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  • Author or Editor: G. L. Schnitkey x
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To determine prevalence of lesions associated with subclinical laminitis in first-lactation Holstein cows during early lactation and pregnant Holstein heifers during late gestation in herds with high milk production.


Cross-sectional study.


203 cattle in 13 herds.


Cattle were placed in lateral recumbency to allow visual examination and photography of their hooves. Claws on a forelimb and hind limb were examined on all cattle. Observable categories of lesions considered to be associated with subclinical laminitis in our study included yellow waxy discoloration of the sole, hemorrhage of the sole, separation of the white line, and erosion of the heel.


Lesions in at least 1 of the categories were found in all herds. Lesions in all categories were found in 11 of 13 herds. Among claws, hemorrhage of the sole was observed most frequently in the lateral claw of the hoof of the hind limb. When days in milk was treated as a covariate, significant (P < 0.01) differences were detected in the prevalence of lesions between herds.

Clinical Implications

Because the prevalence of lesions differed significantly among herds, it is logical to believe that causative factors and corrective measures also may have differed among herds. (J Am Vet Med Assoc 1996;208:1445-1451)

Free access
in Journal of the American Veterinary Medical Association


Nine dairy herds (mean size, 149 cows) with bulk-tank milk somatic cell counts of < 300,000 cells/ml and > 80% of cows with Dairy Herd Improvement Association linear somatic cell counts ≤ 4 were selected for study. Each herd was monitored for 12 consecutive months. Duplicate quarter-milk specimens were collected from each cow for bacteriologic culturing at beginning of lactation, cessation of lactation, and at the time of each clinical episode of mastitis. Streptococcus agalactiae was never isolated and Staphylococcus aureus was isolated from < 1% of all quarters. There were 554 episodes of clinical mastitis. During the year of study, the incidence rate of clinical mastitis varied from 15.6 to 63.7% of cows among the 9 herds. Mean costs per cow per year in herd for mastitis prevention were: $10 for paper towels, $3 for nonlactating cow treatment, and $10 for teat disinfectants. Mean cost associated with clinical mastitis was $107/episode. Approximately 84% ($90) of the costs attributed to a clinical episode were associated with decreased milk production and nonsalable milk. Costs of medication and professional veterinary fees per clinical episode varied Significantly among the 9 herds. Three of the herds did not have a veterinarian treat a clinical episode of mastitis during the year of study even though 2 of these herds had the first and third highest incidence rates of clinical mastitis. When calculated on a per cow in herd basis, mean costs of $40/cow/year were attributed to clinical mastitis. Our findings suggest that herds that have effectively controlled mastitis caused by contagious pathogens may still have substantial economic losses as a result of clinical mastitis and that losses and even rates of clinical mastitis may vary considerably among such herds.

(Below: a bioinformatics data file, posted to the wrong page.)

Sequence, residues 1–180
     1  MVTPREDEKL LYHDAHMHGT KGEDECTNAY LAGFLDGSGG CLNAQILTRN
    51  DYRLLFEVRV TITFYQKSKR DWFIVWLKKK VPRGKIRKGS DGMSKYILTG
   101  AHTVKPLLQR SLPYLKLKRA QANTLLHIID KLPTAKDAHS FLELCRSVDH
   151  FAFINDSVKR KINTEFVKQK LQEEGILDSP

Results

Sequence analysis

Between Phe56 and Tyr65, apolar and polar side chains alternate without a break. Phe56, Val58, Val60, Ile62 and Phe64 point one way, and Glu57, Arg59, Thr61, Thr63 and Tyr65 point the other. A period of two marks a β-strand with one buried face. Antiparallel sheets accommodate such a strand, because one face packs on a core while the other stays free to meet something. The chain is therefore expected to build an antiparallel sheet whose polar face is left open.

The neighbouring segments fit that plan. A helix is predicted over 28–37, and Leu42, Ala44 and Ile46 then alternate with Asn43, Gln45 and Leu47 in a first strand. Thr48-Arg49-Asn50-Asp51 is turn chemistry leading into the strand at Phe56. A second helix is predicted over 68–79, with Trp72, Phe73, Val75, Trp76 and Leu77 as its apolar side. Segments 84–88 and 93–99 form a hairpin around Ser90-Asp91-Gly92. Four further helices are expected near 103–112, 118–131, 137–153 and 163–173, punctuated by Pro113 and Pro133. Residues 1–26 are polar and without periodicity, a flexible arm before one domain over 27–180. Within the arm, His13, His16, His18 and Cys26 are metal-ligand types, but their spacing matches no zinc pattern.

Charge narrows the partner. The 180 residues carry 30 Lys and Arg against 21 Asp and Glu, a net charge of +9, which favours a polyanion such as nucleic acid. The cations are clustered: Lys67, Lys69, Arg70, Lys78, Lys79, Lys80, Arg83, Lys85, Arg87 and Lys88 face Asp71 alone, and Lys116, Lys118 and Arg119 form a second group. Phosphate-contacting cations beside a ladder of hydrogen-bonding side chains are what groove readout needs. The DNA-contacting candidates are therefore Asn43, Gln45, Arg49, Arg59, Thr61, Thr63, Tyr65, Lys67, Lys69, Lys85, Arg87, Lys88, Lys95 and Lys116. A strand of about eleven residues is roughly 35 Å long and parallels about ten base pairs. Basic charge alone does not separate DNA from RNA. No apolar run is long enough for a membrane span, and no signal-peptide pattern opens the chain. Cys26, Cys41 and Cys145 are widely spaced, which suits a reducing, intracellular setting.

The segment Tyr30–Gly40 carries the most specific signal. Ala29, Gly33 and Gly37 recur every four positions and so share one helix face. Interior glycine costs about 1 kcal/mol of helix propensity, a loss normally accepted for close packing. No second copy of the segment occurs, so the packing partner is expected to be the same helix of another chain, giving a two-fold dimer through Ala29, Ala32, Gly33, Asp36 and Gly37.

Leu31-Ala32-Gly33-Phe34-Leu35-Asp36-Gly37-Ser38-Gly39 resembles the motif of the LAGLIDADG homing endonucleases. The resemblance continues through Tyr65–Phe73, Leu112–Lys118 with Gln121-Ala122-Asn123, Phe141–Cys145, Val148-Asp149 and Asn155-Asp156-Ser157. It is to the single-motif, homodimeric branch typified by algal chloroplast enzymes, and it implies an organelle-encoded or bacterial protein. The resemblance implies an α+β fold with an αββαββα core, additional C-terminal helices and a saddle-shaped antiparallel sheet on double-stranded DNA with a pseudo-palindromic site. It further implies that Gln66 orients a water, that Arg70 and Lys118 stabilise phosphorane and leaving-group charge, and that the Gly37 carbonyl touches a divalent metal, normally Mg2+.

Free access
in Journal of the American Veterinary Medical Association